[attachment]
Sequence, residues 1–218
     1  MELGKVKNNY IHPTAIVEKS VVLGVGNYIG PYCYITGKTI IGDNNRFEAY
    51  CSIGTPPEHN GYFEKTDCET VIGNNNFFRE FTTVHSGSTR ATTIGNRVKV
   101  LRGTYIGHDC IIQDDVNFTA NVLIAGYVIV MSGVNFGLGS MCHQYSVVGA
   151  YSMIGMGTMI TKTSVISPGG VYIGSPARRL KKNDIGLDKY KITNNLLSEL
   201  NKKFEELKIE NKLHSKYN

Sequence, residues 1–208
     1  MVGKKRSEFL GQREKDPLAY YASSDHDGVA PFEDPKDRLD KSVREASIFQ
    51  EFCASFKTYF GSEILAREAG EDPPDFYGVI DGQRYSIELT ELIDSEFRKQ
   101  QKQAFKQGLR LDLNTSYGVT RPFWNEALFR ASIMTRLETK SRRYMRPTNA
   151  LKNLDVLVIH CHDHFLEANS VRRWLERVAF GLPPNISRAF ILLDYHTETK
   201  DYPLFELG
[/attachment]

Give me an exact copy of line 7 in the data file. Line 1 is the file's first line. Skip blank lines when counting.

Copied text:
Sequence, residues 1–208